Wars of the Century and the Development of Military Science

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Linscott, 1903 - 538 pages
 

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Page 345 - I think it best for you to know that there are some things in regard to which I am not quite satisfied with you. I believe you to be a brave and skilful soldier, which, of course, I like. I also believe you do not mix politics with your profession, in which you are right. You have confidence in yourself, which is a valuable if not an indispensable quality. You are ambitious, which, within reasonable bounds, does good rather than harm; but...
Page 345 - I have heard, in such a way as to believe it, of your recently saying that both the army and the government needed a dictator. Of course it was not for this, but in spite of it, that I have given you the command. Only those generals who gain successes can set up dictators. What I now ask of you is military success, and I will risk the dictatorship.
Page 346 - I much fear that the spirit which you have aided to infuse into the army, of criticising their commander and withholding confidence from him, will now turn upon you, I shall assist you as far as I can to put it down. Neither you nor Napoleon, if he were alive again, could get any good out of an army while such a spirit prevails in it. And now beware of rashness; beware of rashness, but with energy and sleepless vigilance go forward and give us victories.
Page 372 - As for horses, mules, wagons, etc., belonging to the inhabitants, the cavalry and artillery may appropriate freely and without limit; discriminating, however, between the rich, who are usually hostile, and the poor and industrious, usually neutral or friendly.
Page 345 - I have placed you at the head of the Army of the Potomac. Of course I have done this upon what appear to me to be sufficient reasons, and yet I think it best for you to know that there are some things in regard to which I am not quite satisfied with you.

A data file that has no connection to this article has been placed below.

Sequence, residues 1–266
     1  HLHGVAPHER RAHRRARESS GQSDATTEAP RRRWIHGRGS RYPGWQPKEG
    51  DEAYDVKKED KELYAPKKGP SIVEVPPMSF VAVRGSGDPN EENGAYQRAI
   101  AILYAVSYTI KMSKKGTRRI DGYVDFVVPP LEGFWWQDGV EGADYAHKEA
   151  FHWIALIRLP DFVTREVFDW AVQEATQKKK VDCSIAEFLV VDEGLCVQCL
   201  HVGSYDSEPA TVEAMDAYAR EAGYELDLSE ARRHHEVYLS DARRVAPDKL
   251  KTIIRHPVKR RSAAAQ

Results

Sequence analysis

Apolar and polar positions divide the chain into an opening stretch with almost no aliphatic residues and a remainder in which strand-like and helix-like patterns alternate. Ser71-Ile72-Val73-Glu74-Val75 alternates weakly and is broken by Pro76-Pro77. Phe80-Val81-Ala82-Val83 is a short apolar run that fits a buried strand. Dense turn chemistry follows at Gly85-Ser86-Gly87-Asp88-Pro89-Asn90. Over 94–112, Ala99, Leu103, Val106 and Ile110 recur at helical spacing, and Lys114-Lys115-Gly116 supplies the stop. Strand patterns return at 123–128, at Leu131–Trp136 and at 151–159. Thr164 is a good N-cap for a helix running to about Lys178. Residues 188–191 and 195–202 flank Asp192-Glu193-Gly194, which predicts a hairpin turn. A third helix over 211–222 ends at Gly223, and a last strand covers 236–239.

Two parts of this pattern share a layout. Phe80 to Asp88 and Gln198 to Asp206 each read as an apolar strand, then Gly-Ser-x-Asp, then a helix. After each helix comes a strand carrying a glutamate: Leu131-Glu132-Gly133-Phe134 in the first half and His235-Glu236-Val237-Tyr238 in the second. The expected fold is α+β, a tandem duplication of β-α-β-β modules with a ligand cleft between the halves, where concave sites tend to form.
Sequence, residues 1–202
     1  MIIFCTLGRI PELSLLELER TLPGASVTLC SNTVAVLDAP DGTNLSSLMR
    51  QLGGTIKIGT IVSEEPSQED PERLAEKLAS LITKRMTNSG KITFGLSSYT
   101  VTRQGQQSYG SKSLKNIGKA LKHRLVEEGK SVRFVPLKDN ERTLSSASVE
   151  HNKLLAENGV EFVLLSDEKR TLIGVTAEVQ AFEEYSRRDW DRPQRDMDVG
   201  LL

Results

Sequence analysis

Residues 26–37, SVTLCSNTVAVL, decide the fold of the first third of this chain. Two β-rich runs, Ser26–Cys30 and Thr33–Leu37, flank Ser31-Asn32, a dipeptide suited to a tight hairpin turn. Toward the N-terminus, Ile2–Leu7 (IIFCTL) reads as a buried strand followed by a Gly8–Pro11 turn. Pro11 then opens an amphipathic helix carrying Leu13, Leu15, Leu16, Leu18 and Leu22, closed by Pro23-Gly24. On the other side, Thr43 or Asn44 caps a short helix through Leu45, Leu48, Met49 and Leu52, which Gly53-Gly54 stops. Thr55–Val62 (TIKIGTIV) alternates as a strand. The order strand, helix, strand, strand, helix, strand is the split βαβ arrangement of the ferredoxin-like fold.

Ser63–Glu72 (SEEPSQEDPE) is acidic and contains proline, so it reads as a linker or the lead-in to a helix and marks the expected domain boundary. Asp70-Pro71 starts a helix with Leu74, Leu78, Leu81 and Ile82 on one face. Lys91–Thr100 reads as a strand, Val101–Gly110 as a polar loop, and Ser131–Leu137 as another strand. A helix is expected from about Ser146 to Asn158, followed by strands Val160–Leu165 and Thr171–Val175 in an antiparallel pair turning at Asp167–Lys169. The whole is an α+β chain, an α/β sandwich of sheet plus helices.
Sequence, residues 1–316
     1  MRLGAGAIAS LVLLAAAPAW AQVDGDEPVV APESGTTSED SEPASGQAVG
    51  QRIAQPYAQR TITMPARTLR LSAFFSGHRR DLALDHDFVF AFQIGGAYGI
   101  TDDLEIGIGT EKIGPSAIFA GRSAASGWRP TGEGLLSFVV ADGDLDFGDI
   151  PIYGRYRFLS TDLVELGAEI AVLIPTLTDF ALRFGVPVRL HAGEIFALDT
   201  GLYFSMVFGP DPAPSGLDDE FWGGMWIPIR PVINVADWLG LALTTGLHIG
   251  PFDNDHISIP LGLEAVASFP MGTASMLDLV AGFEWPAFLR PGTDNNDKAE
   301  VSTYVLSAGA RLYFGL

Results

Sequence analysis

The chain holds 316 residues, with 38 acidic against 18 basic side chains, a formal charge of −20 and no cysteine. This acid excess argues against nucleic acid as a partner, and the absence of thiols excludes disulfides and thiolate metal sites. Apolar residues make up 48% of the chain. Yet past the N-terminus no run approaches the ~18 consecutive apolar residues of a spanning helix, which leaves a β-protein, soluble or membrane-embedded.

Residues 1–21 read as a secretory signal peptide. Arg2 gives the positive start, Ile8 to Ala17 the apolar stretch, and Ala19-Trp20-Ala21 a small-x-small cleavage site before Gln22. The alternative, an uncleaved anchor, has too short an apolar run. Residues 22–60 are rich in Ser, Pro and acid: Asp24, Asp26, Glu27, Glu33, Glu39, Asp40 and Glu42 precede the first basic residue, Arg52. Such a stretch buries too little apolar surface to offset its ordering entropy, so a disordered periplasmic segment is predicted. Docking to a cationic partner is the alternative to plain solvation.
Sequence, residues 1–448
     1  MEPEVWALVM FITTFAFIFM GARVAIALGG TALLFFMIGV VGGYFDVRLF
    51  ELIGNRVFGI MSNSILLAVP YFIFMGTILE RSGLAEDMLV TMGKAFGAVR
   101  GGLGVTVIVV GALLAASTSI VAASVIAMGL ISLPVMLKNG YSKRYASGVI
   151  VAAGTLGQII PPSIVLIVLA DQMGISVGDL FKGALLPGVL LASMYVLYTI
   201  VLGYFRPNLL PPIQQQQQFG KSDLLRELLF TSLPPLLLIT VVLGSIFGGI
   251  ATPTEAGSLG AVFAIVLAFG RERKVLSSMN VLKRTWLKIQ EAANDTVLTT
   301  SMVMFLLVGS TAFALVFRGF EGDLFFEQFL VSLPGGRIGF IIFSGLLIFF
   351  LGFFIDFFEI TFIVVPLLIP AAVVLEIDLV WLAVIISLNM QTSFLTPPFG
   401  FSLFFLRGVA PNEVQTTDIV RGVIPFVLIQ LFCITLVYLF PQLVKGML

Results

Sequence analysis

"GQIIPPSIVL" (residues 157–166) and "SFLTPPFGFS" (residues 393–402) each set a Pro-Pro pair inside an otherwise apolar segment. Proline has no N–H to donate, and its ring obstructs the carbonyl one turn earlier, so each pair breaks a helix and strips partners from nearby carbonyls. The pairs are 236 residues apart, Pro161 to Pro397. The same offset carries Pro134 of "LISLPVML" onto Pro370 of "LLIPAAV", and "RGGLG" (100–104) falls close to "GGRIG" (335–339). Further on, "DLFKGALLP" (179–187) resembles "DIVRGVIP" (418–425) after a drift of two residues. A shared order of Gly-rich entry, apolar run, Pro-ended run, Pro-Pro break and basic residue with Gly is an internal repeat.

Page 373 - I beg to present you as a Christmas gift the city of Savannah, with one hundred and fifty heavy guns and plenty of ammunition, also about twenty-five thousand bales of cotton.
Page 372 - V. To army corps commanders is intrusted the power to destroy mills, houses, cotton gins, etc., and for them this general principle is laid down : In districts and neighborhoods where the army is unmolested, no destruction of such property should be permitted ; but should...
Page 342 - I am instructed to telegraph you as follows : The President directs that you cross the Potomac and give battle to the enemy, or drive him south. Your army must move now, while the roads are good. If you cross the river between the enemy and Washington, and cover the latter by your operation, you can be re-enforced with 30,000 men.
Page 372 - ... forage. Soldiers must not enter the dwellings of the inhabitants, or commit any trespass ; but, during...
Page 2 - Are there no means of coming to an understanding ? How can the two most enlightened nations of Europe, powerful and strong beyond what their safety and independence require, sacrifice to ideas of vain greatness the benefits of commerce, internal prosperity, and the happiness of families ? How is it that they do not feel that peace is of the first necessity, as well as the first glory...

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